Of course, other members of your marketing team can use consumer insights data to improve their own work — but they have neither the time nor the expertise to continually and successfully translate consumer insights into actionable strategies.

Remember, personalization is the key to successful modern marketing and brand communication — so make sure your brand has a well-thought-out strategy at the very least and a CIM at the very best.

2. You’re Struggling to Increase CLV

Customer lifetime value, or CLV, is defined as the total amount of money a customer is forecast to spend on your products and services throughout their relationship with your brand.

Yes, CLV is technically only a prediction of the value of certain customers. But, it’s an incredibly helpful metric to use when determining which target audiences and personas could be the most valuable over time.

For a wide variety of reasons, many brands struggle to increase their CLV. For some, it has to do with the nature of their product — i.e. they sell products consumers only need to purchase once in their lifetime, like high-quality knives or a cast-iron pan. While it’s still important to use consumer insights to increase sales, nurturing recurring purchases isn’t a top priority.

But for the brands that need revenue from returning customers to survive, struggling to increase CLV is a much bigger issue.

Perhaps they’re delivering sub-par brand experiences that lead newly acquired customers to churn or struggling to out-perform their rivals and, thus, losing customers to the competition.

Either way — with a CIM on board, determining what the issues are and coming up with innovative solutions is a whole lot easier. By taking a deep dive into consumer data, your CIM can figure out:

  • How consumers perceive your brand

  • Why consumers prefer your brand or the competition

  • What consumers think about specific products or services

  • And more

Ultimately, if you want to make real strides to improve your CLV, you need to look to your consumer data. And if you want an actionable plan with follow-up and reporting, you should consider hiring a Consumer Insights Manager.

3. You Want To Improve Retention In Your Customer Journey

No brand has the perfect customer journey — it’s just not possible to please every customer that exists. But, every brand should be taking a customer-centric approach by consistently working towards improving their customer journey.

When analyzing your brand’s customer journey — aka the series of interactions a customer has with a brand — you’re bound to find weak spots. Maybe customers are putting your products in their online baskets but dropping out before making a purchase.

Or perhaps they’re making a first-time purchase, only to never return again. Either way, the customer journey entails more than just getting someone to buy your products once or twice. It’s a customer’s holistic experience with your brand.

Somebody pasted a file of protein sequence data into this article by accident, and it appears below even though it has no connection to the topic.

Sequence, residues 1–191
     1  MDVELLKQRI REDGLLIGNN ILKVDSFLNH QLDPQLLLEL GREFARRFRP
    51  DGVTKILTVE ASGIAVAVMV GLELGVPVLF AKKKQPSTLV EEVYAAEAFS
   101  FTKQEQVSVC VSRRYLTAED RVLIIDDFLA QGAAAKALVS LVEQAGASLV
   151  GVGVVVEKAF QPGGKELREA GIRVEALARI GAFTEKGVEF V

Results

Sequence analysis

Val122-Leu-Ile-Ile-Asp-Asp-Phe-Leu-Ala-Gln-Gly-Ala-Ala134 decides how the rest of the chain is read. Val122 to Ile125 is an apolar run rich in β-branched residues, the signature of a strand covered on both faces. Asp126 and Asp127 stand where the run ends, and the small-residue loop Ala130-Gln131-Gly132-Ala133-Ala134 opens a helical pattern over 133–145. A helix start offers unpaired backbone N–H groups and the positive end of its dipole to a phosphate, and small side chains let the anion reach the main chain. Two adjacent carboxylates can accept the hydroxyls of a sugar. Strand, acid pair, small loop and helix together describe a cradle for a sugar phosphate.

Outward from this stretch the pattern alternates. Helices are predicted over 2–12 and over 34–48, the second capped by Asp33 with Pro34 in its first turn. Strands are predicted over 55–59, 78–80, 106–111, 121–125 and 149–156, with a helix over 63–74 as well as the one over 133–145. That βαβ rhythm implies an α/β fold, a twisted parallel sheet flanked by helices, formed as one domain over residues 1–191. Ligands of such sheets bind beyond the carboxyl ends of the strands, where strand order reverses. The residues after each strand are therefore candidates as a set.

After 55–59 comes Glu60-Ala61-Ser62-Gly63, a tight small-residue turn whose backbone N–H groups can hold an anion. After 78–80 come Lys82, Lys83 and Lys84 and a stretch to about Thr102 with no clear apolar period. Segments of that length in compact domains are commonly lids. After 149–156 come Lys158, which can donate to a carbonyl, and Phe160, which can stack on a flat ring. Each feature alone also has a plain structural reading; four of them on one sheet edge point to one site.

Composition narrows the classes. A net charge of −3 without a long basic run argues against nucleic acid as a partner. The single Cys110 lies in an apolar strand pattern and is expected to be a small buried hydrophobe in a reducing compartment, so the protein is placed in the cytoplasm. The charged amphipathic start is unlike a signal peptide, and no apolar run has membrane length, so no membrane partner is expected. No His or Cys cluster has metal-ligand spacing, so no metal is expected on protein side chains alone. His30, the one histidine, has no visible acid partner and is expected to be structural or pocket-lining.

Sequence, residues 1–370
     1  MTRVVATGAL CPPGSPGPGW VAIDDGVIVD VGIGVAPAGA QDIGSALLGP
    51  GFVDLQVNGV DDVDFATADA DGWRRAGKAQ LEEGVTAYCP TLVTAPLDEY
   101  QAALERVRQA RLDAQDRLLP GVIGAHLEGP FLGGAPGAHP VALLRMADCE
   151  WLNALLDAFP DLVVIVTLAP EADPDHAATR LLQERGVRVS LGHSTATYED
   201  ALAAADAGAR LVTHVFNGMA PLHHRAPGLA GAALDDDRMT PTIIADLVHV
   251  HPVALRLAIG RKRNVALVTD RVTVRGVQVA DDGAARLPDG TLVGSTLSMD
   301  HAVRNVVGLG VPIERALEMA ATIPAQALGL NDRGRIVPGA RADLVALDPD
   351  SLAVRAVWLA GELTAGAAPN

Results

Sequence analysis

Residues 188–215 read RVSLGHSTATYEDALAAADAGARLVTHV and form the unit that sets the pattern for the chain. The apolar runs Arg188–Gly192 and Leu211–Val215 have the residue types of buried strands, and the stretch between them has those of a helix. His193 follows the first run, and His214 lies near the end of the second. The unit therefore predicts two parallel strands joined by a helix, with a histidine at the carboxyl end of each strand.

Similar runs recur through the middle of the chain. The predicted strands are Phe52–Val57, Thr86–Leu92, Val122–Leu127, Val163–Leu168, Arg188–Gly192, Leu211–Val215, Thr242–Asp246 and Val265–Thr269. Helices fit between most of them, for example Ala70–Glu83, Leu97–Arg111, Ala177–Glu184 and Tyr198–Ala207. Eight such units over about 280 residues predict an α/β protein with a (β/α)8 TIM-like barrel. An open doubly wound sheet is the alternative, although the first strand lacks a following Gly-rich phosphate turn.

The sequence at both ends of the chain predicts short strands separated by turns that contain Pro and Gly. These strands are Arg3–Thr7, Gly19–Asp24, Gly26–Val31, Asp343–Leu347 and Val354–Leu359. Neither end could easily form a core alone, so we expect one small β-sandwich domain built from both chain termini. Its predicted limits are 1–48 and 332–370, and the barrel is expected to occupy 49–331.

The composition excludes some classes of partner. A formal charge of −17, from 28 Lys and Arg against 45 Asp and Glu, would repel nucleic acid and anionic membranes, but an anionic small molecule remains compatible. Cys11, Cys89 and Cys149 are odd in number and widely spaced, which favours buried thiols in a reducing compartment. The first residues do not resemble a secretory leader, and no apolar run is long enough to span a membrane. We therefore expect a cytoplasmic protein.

And most brands are on a constant mission to improve retention and strengthen their relationship with customers. That’s where a Consumer Insights Manager comes in.

With access to heaps of consumer data, a good CIM will not only be able to highlight weak spots in your customer journey, but also suggest data-driven solutions.

For example, let’s say you’re the brand manager of an online plant store and you’re having trouble retaining customers after their first purchase. You think it may have something to do with your price points, but instead of making a decision based on gut instinct, you turn to your Consumer Insights Manager for help.

After analyzing your consumer data, your CIM has made a few discoveries. First, consumers view your brand and its products as “high-quality” and “long-lasting” — which, normally, would be a positive thing. But in this case, it means they don’t feel the need to make frequent repeat purchases.

Thus, your CIM provides two suggestions that may help improve retention:

  • Provide a 25% off promotion when an existing customer recommends a friend who makes a purchase — this will not only bring in new customers, it could also inspire current customers to make a second purchase thanks to the discount.

  • Create a brand campaign that focuses on buying your plants as long-lasting, eco-friendly gifts for friends and family — something customers can do time and time again.

As you can see, there are plenty of ways that a CIM can use consumer data to help brands improve retention in their customer journeys — and even gain new customers in the meantime!

Final Thoughts

Having a Consumer Insights Manager in your arsenal is one of the best ways to get ahead in the overcrowded, cutthroat world of business.

Using data to inform your business and marketing decisions is more important than ever before — and those that refuse to move with the times will find themselves struggling to remain competitive.

But how does a smart CIM get access to the consumer data they need to succeed? They used advanced brand monitoring software, of course. Offering accurate and reliable data with lower margins of error than traditional options — brand tracking tools provide the consumer data that successful CIMs rely upon.

AI-Powered Brand Research